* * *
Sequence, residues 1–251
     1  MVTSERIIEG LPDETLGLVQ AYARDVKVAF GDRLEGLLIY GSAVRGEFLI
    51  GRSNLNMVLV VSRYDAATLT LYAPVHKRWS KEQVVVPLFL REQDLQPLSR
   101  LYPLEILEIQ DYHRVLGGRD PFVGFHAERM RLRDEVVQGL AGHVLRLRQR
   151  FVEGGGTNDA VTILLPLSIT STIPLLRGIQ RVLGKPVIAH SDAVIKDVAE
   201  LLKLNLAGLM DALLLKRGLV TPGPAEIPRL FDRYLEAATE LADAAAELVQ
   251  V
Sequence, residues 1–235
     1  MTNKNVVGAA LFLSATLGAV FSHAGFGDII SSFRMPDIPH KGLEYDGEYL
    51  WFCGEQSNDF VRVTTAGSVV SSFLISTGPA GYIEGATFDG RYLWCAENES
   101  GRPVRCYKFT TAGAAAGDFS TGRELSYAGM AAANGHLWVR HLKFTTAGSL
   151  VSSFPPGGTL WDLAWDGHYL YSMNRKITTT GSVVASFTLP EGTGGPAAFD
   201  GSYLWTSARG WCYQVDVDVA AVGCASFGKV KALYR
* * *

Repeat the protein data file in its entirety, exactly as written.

Sequence, residues 1–251
     1  MVTSERIIEG LPDETLGLVQ AYARDVKVAF GDRLEGLLIY GSAVRGEFLI
    51  GRSNLNMVLV VSRYDAATLT LYAPVHKRWS KEQVVVPLFL REQDLQPLSR
   101  LYPLEILEIQ DYHRVLGGRD PFVGFHAERM RLRDEVVQGL AGHVLRLRQR
   151  FVEGGGTNDA VTILLPLSIT STIPLLRGIQ RVLGKPVIAH SDAVIKDVAE
   201  LLKLNLAGLM DALLLKRGLV TPGPAEIPRL FDRYLEAATE LADAAAELVQ
   251  V
Sequence, residues 1–235
     1  MTNKNVVGAA LFLSATLGAV FSHAGFGDII SSFRMPDIPH KGLEYDGEYL
    51  WFCGEQSNDF VRVTTAGSVV SSFLISTGPA GYIEGATFDG RYLWCAENES
   101  GRPVRCYKFT TAGAAAGDFS TGRELSYAGM AAANGHLWVR HLKFTTAGSL
   151  VSSFPPGGTL WDLAWDGHYL YSMNRKITTT GSVVASFTLP EGTGGPAAFD
   201  GSYLWTSARG WCYQVDVDVA AVGCASFGKV KALYR